Received Date: May 20, 2016; Accepted Date: May 23, 2016; Published Date: May 31, 2016
Citation: Dominici C, Mariscalco G, Nardella1 G, Maselli D (2016) The Importance of the “Obesity Paradox” in Cardiac Surgery . Angiol 4:e115. doi:10.4172/2329-9495.1000e115
Copyright: © 2016 Dominici C, et al. This is an open-access article distributed under the terms of the Creative Commons Attribution License, which permits unrestricted use, distribution, and reproduction in any medium, provided the original author and source are credited.
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Obesity is an increasingly chronic health condition, predisposing to coronary artery disease (CAD) and adverse cardiovascular events, having independent effects on hemodynamics and cardiovascular structures, contributing to the derangement of adipose tissue function and inflammatory pathways [1,2]. Obesity promotes endothelial dysfunction favouring atherosclerotic processes, reduces insulin sensitivity, and enhances free fatty acid turnover, thrombogenicity and leptin resistance . In addition, obesity is a cluster of related risk factors including hypertension, diabetes, dyslipidaemia and renal dysfunction, and exacerbating the ongoing cardiovascular disease epidemic [1-3].
Therefore, the reported association between obesity and mortality is not unexpected, despite several studies in both general and disease specific populations have surprisingly reported paradoxical survival benefit in obese patients [4,5]. This inverse relationship between body fat composition and all-cause mortality is commonly labelled as “obesity paradox” . However, prior attempts to firmly demonstrate this paradox and to identify its pathophysiologic mechanisms yielded conflicting results [1-3]. Plausible explanations include increased lean body mass, protective peripheral body fat, reduce inflammatory response, reverse epidemiology, and genetics [4-7].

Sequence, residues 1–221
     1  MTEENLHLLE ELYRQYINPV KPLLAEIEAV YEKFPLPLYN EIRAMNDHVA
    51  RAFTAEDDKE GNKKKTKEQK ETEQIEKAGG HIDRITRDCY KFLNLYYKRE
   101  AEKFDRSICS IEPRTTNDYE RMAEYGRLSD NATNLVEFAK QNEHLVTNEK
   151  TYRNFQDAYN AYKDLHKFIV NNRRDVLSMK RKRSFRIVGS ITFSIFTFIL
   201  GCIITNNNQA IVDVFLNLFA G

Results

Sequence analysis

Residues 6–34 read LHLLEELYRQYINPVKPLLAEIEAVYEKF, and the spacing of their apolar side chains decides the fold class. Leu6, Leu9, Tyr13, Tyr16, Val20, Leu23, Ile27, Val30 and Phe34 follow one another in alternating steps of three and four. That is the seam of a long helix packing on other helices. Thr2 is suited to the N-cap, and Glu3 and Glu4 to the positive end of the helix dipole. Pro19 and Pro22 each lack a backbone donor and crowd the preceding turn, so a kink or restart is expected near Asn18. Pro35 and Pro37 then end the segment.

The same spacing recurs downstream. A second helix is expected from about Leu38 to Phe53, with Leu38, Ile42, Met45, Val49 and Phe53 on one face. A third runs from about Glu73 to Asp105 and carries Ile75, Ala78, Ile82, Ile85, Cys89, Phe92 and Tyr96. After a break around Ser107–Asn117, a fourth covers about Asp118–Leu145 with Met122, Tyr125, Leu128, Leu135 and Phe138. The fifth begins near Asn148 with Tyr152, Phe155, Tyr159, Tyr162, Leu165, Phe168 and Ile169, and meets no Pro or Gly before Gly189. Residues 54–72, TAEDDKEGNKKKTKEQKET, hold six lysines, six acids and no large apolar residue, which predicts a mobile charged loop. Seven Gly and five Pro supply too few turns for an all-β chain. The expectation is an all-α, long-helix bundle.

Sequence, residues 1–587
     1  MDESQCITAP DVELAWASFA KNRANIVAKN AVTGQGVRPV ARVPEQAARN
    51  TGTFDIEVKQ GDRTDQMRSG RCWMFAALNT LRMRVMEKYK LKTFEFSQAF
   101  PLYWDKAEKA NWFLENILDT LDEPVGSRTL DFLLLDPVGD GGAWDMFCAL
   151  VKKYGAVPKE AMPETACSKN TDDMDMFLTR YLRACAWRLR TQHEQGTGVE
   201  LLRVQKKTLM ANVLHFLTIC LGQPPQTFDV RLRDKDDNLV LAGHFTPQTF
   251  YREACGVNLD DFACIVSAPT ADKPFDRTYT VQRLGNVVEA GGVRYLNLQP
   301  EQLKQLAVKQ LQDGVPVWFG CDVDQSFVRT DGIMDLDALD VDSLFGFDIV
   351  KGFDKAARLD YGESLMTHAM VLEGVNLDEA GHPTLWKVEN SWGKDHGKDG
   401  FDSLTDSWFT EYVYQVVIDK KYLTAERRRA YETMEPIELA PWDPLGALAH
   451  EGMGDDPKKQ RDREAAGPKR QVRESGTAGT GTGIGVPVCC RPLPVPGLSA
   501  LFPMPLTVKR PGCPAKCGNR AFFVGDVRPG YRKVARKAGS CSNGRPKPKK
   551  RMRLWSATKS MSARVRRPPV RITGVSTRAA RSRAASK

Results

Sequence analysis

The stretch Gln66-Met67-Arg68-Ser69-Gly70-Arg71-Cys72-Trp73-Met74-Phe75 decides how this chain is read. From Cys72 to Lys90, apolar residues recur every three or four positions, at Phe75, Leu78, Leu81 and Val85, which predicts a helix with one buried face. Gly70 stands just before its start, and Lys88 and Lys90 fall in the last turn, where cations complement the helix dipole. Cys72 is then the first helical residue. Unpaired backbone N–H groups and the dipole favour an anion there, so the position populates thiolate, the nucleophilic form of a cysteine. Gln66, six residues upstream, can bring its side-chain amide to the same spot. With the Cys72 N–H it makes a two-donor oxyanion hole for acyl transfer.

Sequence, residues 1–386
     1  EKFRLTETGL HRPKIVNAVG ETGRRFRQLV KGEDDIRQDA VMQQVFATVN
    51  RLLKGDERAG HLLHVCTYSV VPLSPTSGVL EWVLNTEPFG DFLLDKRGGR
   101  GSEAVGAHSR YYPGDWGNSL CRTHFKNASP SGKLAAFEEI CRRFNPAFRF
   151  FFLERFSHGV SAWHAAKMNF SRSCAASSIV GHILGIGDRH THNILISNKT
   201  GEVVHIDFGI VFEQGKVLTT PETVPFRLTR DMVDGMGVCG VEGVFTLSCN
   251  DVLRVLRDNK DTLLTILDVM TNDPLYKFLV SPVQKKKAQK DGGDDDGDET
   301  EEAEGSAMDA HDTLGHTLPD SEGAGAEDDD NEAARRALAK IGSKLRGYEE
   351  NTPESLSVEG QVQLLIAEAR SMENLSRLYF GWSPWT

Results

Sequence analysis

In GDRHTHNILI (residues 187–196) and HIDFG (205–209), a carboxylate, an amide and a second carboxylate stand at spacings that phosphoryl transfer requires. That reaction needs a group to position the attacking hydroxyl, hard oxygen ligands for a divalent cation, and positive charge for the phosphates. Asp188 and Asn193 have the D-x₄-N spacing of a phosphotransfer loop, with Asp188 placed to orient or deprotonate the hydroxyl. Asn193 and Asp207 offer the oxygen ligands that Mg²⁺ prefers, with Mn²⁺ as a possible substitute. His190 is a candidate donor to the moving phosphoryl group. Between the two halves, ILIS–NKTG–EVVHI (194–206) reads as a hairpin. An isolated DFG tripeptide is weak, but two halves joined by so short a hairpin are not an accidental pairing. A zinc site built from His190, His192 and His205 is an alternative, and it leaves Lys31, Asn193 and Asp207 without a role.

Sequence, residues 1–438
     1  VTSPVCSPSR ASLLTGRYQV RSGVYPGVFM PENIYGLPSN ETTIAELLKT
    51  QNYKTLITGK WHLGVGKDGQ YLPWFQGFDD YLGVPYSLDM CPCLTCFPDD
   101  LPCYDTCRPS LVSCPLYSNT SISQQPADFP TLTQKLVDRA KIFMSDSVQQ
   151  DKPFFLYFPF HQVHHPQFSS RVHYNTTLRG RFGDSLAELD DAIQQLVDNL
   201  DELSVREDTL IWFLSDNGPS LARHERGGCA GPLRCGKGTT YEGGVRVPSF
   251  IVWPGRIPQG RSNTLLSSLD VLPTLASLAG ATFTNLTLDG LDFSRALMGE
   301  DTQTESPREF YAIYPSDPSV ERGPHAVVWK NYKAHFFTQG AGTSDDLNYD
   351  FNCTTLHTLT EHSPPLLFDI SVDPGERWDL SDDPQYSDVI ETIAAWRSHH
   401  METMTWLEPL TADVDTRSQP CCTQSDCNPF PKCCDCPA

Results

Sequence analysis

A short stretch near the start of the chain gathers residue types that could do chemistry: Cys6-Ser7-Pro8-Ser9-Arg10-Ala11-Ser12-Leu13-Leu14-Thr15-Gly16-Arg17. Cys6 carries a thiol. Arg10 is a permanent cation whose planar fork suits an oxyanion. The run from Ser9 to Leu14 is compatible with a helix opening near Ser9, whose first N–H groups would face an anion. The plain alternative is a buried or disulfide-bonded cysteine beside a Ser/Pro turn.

This should not be certainly taken as an argument to encourage body weight excess, and the ample evidences of the correlation between obesity and death, especially in the long-term period, are indisputable [1,2]. However, why is so important the obesity paradox in cardiac surgery?
In an experimental swine model, high fat diet promoting obesity and renal inflammation prevented post-CPB acute kidney injury . Consonant data have been observed in a high-fat feeding mice model inducing coronary atherosclerosis with related metabolic anaerobic stress changes . During global ischemia, heart with induced coronary disease were markedly resistant to ischemic-reperfusion injury than non-disease heart, suggesting a protective preconditioning metabolic pathway . Similarly, pigs fed a high-fat diet developing hyperlipidaemia in absence of significant weight gain were protected against myocardial ischemic-reperfusion injury .
Therefore, the complete understanding of underlying protective mechanisms behind the “obesity paradox” could improve clinical outcomes after cardiac surgery in the early perioperative period.